Lisa Brooks, The Common Pot: The Recovery of Native Space in the Northeast (Minneapolis: University of Minnesota Press, 2008).

Gerard van Bussel and Eric Hemenway, eds., Around Lake Michigan: American Indians, 1820-1850 (East Lansing: Michigan State University Press, 2021).

Christine DeLucia, “Antiquarian Collecting and the Transits of Indigenous Material Culture,” Commonplace: the journal of early American life, accessed May 17, 2023.

Thomas Duggan Journal, 1949.M-731, William L. Clements Library, The University of Michigan.

C. Edwards, “Catalogue of Cabinet of Articles sent by Missionaries to Mt. Hol. Fem. Sem. all before 1892,” Mount Holyoke College Art Museum: A-1, section on “American Indians.”

Leah Hopkins, “Gather. Make. Sustain. Maple Madness,” Haffenreffer Museum, Brown University, March 8, 2021.

Theodore J. Karamanski, Blackbird’s Song: Andrew J. Blackbird and the Odawa People (East Lansing: Michigan State University Press, 2012).

Sylvia S. Kasprycki, “A Devout Collector: Johann Georg Schwarz and Early Nineteenth-Century Menominee Art,” in Three Centuries of Woodlands Indian Art, eds. J. C. H. King and Christian F. Feest (Altenstadt: ZKF Publishers, 2007).

Scott Manning Stevens, “Collectors, and Museums: From Cabinets of Curiosities to Indigenous Cultural Centers,” in The Oxford Handbook of American Indian History, ed. Frederick Hoxie (Oxford: Oxford University Press, 2016).

James McClurken, Gah-Baeh-Jhagwah-Buk, the Way It Happened: A Visual Culture History of the Little Traverse Bay Bands of Odawa (East Lansing: Michigan State University, 1991). 

Henry Schoolcraft, Narrative Journal of Travels Through the Northwestern Regions of the United States: Extending from Detroit Through the Great Chain of American Lakes, to the Sources of the Mississippi River (Albany: E. & E. Hosford, 1821).

Lorén Spears and Amanda Thompson, “‘As We Have Always Done’: Decolonizing the Tomaquag Museum’s Collections Management Policy,” Collections 18, no. 1 (March 2022): 31-41.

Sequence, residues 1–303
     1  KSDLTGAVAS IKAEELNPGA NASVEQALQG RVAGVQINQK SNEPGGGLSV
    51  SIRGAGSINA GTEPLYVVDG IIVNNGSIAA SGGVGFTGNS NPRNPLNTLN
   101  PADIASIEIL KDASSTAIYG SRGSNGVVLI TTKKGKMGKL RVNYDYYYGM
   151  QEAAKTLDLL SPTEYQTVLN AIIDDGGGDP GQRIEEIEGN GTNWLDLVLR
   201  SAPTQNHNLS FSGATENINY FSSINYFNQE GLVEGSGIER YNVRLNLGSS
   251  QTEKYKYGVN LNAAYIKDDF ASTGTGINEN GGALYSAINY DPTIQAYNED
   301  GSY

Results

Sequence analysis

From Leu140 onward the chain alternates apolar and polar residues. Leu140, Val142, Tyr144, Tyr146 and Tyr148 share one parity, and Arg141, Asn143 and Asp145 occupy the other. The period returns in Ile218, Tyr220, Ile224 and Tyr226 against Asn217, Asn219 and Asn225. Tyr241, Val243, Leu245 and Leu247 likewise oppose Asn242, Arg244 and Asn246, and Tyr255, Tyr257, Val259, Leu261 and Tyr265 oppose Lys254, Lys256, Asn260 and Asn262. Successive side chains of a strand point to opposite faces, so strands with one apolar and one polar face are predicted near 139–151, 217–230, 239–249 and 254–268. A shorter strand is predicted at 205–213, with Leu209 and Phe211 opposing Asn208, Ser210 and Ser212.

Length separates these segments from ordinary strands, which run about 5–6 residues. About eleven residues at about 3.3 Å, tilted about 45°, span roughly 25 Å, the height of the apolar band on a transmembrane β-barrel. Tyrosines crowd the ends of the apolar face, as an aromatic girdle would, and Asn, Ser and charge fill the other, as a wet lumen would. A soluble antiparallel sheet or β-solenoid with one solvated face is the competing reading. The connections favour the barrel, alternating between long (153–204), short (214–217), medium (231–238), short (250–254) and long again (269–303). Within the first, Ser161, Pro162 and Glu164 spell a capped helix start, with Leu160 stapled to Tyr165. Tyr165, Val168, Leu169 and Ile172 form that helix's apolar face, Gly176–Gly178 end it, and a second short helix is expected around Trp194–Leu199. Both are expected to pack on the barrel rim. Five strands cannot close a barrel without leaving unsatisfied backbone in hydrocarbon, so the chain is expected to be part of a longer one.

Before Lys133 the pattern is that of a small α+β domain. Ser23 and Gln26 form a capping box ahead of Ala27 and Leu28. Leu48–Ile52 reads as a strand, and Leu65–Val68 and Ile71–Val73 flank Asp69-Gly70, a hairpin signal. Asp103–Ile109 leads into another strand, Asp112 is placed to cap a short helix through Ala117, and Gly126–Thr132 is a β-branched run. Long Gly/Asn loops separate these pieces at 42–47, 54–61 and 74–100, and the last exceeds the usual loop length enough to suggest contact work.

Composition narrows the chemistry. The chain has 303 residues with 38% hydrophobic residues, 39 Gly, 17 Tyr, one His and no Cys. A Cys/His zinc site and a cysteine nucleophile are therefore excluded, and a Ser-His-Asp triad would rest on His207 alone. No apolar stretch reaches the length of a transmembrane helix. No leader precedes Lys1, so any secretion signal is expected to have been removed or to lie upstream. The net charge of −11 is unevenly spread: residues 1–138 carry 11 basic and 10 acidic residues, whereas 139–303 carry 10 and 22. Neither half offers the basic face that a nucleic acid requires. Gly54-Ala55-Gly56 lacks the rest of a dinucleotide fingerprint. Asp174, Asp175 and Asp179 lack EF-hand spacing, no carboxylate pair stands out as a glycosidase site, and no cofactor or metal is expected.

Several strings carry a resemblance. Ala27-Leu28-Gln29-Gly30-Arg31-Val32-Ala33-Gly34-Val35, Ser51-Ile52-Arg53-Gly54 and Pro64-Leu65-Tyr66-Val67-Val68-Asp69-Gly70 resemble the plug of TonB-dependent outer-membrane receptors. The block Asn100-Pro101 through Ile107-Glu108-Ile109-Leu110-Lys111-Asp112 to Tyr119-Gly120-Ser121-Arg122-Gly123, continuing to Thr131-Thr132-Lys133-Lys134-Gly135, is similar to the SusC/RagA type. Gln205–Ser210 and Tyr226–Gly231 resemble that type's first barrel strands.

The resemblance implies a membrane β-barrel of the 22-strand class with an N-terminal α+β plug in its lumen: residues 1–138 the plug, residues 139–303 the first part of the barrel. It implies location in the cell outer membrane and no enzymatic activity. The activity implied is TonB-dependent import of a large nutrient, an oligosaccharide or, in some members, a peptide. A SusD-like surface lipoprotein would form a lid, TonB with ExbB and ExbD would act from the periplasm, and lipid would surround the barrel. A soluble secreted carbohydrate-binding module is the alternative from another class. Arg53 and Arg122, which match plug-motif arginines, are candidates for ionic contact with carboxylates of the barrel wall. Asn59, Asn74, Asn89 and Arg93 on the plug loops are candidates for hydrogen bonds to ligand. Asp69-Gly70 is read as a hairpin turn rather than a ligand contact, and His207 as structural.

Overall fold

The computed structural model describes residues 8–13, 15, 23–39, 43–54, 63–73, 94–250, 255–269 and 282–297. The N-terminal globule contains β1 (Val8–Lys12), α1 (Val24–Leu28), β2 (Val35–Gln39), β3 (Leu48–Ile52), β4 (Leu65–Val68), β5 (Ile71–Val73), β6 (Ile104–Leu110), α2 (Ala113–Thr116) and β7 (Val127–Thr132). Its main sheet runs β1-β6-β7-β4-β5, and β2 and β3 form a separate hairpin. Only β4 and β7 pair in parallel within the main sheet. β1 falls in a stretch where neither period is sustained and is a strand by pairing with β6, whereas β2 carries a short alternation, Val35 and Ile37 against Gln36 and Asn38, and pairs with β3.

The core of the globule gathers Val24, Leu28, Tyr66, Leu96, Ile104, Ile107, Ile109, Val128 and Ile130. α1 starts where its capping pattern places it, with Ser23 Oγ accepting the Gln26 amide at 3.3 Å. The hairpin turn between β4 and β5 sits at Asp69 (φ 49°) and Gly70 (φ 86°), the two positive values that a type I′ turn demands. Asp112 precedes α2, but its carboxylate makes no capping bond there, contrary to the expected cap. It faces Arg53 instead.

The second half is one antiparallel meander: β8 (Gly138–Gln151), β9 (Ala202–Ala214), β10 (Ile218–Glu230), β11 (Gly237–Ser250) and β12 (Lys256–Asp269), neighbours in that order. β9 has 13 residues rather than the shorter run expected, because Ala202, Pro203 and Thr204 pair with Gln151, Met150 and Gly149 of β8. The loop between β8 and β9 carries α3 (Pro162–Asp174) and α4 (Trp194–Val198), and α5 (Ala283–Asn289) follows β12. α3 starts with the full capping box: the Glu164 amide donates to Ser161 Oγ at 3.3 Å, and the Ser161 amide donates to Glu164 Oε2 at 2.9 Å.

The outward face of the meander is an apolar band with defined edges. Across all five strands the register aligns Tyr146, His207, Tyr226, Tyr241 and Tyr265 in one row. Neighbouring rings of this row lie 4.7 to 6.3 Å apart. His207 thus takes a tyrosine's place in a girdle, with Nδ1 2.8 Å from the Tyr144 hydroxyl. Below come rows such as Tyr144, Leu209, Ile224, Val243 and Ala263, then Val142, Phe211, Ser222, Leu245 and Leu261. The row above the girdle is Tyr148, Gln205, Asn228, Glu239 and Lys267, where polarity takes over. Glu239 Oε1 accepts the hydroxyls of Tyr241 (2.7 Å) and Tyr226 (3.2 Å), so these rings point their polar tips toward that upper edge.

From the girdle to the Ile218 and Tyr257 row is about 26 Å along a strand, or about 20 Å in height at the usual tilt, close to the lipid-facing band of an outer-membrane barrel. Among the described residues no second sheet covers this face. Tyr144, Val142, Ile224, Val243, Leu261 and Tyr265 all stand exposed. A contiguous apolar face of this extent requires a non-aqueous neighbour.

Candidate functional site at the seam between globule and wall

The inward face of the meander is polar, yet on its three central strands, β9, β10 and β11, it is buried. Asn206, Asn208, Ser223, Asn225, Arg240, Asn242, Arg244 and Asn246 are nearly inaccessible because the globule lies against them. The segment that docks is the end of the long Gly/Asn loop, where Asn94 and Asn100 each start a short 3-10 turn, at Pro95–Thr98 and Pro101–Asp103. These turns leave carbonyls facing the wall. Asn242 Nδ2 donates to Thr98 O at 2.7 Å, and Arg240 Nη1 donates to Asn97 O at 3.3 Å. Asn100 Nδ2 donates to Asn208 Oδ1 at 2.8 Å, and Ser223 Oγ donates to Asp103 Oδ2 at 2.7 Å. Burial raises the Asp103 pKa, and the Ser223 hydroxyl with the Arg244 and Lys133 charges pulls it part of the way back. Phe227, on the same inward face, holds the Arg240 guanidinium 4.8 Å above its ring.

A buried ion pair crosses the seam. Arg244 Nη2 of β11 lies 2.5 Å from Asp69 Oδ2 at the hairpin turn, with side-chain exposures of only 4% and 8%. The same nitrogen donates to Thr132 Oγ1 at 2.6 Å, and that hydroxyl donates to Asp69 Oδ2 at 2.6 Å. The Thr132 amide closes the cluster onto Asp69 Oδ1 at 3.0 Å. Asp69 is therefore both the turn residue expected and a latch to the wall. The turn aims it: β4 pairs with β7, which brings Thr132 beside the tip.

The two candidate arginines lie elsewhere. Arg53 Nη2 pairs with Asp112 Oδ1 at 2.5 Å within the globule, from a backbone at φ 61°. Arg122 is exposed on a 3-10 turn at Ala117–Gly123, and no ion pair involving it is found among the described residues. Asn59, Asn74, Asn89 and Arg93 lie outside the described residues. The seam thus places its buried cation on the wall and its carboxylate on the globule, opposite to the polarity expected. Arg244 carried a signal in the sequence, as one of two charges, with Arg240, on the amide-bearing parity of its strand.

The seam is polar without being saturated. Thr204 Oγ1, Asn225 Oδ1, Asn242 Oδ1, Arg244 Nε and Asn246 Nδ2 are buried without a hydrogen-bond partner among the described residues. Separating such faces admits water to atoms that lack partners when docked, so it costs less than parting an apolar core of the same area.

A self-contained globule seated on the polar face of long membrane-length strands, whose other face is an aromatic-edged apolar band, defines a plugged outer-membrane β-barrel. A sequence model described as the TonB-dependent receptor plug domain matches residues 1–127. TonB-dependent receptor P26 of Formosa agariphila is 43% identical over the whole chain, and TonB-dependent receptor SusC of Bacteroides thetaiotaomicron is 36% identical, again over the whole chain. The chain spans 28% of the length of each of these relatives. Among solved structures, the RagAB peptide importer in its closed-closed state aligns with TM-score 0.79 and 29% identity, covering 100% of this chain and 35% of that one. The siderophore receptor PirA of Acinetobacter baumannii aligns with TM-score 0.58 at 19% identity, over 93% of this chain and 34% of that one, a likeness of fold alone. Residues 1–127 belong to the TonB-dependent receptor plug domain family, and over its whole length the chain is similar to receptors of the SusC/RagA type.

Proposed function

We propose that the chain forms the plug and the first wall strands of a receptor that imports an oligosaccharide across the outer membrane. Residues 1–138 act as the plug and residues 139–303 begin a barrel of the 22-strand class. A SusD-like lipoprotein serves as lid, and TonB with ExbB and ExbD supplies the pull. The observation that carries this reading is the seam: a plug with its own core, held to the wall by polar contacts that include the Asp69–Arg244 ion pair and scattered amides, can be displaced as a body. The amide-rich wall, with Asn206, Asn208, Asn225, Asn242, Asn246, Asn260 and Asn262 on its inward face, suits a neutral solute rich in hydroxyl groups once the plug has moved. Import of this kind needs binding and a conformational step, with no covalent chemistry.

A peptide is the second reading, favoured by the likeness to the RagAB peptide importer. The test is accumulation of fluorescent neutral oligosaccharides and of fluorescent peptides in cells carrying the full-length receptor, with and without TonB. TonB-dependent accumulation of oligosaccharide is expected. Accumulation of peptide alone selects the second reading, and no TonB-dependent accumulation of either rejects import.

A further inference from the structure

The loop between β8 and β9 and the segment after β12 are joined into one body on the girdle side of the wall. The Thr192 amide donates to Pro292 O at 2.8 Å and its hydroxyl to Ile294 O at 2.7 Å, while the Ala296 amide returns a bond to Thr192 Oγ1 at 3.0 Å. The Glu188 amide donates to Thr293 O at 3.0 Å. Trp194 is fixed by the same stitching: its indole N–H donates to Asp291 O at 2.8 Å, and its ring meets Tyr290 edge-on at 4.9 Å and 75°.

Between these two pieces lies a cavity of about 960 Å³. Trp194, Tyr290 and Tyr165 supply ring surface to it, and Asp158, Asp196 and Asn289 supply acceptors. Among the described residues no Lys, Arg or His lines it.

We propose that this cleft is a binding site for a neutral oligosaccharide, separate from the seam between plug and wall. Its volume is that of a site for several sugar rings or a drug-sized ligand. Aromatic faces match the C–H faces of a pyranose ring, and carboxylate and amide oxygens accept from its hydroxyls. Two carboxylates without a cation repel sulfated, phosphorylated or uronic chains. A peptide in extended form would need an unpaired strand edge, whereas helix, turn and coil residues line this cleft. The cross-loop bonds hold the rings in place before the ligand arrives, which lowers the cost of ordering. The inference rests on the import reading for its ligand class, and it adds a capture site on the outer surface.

Mina Toulouse, Theodore Toulouse and Yvonne Walker Keshick, “Conservation Consultation for Beyond the Horizon Anishinaabe Artists of the Great Lakes,” National Museum of the American Indian, Smithsonian Institution, November 25, 2013, https://www.youtube.com/watch?v=YRn07eHpvAE



Thank you to Eric Hemenway (Director of Repatriation, Archives and Records, Little Traverse Bay Bands of Odawa Indians), Aaron Miller (Associate Curator of Visual and Material Culture and NAGPRA Coordinator, Mount Holyoke College Art Museum), Christine DeLucia (Associate Professor of History, Williams College), Steven Lubar (Professor of American Studies, History, and History of Art and Architecture, Brown University), and Adriana Greci Green (Curator of Indigenous Art of the Americas, Fralin Art Museum, University of Virginia) for your collaborative work to help trace histories of this miniature mokuk and critically interrogate museum collecting practices.


This article originally appeared in September 2023

Allyson LaForge is a Ph.D. candidate in American Studies at Brown University whose research engages Native American and Indigenous Studies, settler colonial studies, and histories of the Native Northeast. Her dissertation project, “Materializing Futurity: Networks of Native Organizing in the Northeast,” examines the role Indigenous material culture played during transnational Native Northeast movements of the nineteenth and twentieth centuries, led by coalitions of Native leaders, activists, artists, craftspeople, and writers who worked to resist settler colonialism and ensure Indigenous futurity.

image_pdfSave to PDFimage_printPrint